I do not among these Titles reckon those of Rulers or Governours, that are also given to Bishops, because they seem to be but another Name for Bishops, whose Inspection was a Rule and Government, and so carried in its signification, both Authority and Labour. To these Designations, that carry in them Characters of Honour, but of Honour joined to Labour, and for the sake of which the Honour was due, according to that, esteem them very highly for their works sake; I shall add some other Designations, that in their significations carry only Labour without Honour, being borrowed from Labours that are hard, but no way Honourable.
They are often called Watchmen, who used to stand on high Towers, and were to give the Alarm, as they saw occasion for it: These Men were obliged to a constant attendance, to watch in the Night, as well as in the Day: So all this being applied to the Clergy, imports that they ought to be upon their Watch-Tower, observing what Dangers their People are exposed to, either by their Sins, which provoke the Judgments of God; or by the Designs of their Enemies; they ought not by a false respect, suffer them to sleep and perish in their Sins; but must denounce the Judgments of God to them, and rather incur their displeasure by their freedom, than suffer them to perish in their Security.
St. Paul does also call Church-men by the Name of Builders, and gives to the Apostles the Title of Master-builders; this imports both hard and painful Labour, and likewise great care and exactness in it, for want of which the Building will be not only exposed to the injuries of Weather, but will quickly tumble down; and it gives us to understand, that those who carry this Title, ought to study well the Great Rule, by which they must carry on the Interest of Religion, that so they may build up their people in their most holy Faith, so as to be a Building fitly framed together.
They are also called Labourers in God's Husbandry, Labourers in his Vineyard, and Harvest, who are to sow, plant and water, and to cultivate the Soil of the Church. This imports a continual return of daily and hard Labour, which requires both Pain and Diligence. They are also called Soldiers, men that did war and fight against the Powers of Darkness. The Fatigue, the Dangers and Difficulties of that State of Life are so well understood, that no Application is necessary to make them more sensible.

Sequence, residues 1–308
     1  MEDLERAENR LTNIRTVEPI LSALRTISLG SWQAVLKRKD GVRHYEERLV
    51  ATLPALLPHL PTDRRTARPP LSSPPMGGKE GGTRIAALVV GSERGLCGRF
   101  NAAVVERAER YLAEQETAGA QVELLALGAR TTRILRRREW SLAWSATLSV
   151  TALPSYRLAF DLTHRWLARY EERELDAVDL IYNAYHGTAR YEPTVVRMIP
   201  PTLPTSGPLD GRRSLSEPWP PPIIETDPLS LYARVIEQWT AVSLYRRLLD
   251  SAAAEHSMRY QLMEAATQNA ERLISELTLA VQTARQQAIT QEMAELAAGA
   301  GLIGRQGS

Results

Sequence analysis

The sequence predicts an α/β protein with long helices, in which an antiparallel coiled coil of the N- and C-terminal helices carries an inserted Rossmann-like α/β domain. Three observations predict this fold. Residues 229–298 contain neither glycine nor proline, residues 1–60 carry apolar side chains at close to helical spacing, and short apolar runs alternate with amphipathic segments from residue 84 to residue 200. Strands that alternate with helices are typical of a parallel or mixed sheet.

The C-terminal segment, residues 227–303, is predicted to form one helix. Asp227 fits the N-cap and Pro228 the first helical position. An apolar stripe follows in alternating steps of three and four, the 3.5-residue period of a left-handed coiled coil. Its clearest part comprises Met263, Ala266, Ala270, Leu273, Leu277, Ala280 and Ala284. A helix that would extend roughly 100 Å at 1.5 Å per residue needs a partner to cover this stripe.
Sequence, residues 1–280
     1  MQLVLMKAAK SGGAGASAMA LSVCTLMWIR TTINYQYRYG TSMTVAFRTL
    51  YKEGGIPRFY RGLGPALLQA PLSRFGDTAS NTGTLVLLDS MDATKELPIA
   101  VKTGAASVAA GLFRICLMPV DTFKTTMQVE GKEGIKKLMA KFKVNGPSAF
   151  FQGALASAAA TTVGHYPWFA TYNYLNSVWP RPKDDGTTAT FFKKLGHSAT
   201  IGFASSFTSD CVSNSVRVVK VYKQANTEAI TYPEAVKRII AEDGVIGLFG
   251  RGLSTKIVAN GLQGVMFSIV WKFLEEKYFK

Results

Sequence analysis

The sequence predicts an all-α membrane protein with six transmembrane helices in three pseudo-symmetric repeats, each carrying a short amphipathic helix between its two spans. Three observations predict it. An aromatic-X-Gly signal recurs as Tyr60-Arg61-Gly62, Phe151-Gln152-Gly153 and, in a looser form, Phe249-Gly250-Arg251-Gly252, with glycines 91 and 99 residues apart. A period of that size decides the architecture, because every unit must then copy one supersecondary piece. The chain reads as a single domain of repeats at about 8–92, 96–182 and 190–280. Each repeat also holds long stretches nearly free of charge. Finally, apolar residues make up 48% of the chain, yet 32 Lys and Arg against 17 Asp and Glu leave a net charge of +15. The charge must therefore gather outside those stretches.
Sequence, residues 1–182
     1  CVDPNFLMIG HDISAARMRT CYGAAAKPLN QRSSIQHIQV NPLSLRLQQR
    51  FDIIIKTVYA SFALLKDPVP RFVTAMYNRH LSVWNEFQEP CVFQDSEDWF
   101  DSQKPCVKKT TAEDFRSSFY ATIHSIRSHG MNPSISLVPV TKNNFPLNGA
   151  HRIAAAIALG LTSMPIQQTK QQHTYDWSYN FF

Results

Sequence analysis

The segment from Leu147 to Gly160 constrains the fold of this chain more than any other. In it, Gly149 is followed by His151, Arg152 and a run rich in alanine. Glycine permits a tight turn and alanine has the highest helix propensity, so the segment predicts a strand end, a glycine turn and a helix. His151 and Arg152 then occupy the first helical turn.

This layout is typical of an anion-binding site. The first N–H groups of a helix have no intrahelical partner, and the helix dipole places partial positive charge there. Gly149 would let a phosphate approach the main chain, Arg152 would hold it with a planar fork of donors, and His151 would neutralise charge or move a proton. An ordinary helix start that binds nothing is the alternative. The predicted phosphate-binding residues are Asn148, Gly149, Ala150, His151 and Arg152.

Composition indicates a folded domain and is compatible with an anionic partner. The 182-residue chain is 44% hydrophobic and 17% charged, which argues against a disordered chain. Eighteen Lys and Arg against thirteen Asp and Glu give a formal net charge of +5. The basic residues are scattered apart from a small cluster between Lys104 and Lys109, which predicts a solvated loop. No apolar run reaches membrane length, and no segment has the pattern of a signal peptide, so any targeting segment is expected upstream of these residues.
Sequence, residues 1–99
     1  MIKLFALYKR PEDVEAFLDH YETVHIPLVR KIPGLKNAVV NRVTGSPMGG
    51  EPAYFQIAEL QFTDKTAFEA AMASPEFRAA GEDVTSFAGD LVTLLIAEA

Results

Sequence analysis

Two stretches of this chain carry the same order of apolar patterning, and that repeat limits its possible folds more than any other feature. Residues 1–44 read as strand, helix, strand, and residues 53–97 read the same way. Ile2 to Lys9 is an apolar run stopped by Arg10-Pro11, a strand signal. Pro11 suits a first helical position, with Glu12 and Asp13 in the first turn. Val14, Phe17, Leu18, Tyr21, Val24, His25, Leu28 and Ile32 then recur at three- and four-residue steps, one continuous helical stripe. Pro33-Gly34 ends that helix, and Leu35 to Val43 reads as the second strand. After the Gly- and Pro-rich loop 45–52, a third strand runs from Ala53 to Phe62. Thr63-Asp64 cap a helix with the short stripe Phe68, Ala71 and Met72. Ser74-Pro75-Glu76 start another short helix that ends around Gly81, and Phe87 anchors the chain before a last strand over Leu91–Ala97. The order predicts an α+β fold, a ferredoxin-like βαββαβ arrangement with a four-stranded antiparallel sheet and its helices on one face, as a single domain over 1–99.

And thus by a particular enumeration of either the more special names of these Offices, such as Deacon, Priest and Bishop, Ruler and Governour, or of the designations given to them of Shepherds or Pastors, Stewards, Ambassadors and Angels, it appears that there is a great Dignity belonging to them, but a Dignity which must carry labour with it, as that for which the honour is due: The other Titles of Watchmen, Builders, Labourers and Soldiers, import also that they are to decline no part of their duty, for the labour that is in it, the dangers that may follow, or the seeming meanness that may be in it, since we have for this so great a Rule and Pattern set us by our Saviour, who has given us this Character of himself, and in that a Rule to all that pretend to come after him, The son of man came not to be ministered unto, but to minister. This was said upon the proud Contentions that had been among his Disciples, who should be the greatest: two of them presuming upon their near relation to him, and pretending to the first Dignity in his Kingdom; upon that he gave them to understand, That the Dignities of his Kingdom were not to be of the same nature with those that were in the World. It was not Rule or Empire to which they were to pretend; The Disciple was not to be above his Lord: And he that humbled himself to be the last and lowest in his Service, was by so doing, really the first.
He himself descended to the washing his Disciples feet; which he proposeth to their imitation; and that came in latter Ages to be taken up by Princes, and acted by them in pageantry: But the plain account of that Action, is, That it was a Prophetical Emblem; of which sort we find several Instances both in Isaiah, Jeremy and Ezekiel: the Prophet doing somewhat that had a mystical signification in it, relating to the Subject of his Prophecy: So that our Saviour's washing the feet of his Disciples, imported the Humility, and the descending to the meanest Offices of Charity, which he recommended to his Followers, particularly to those whom he appointed to preach his Gospel to the World.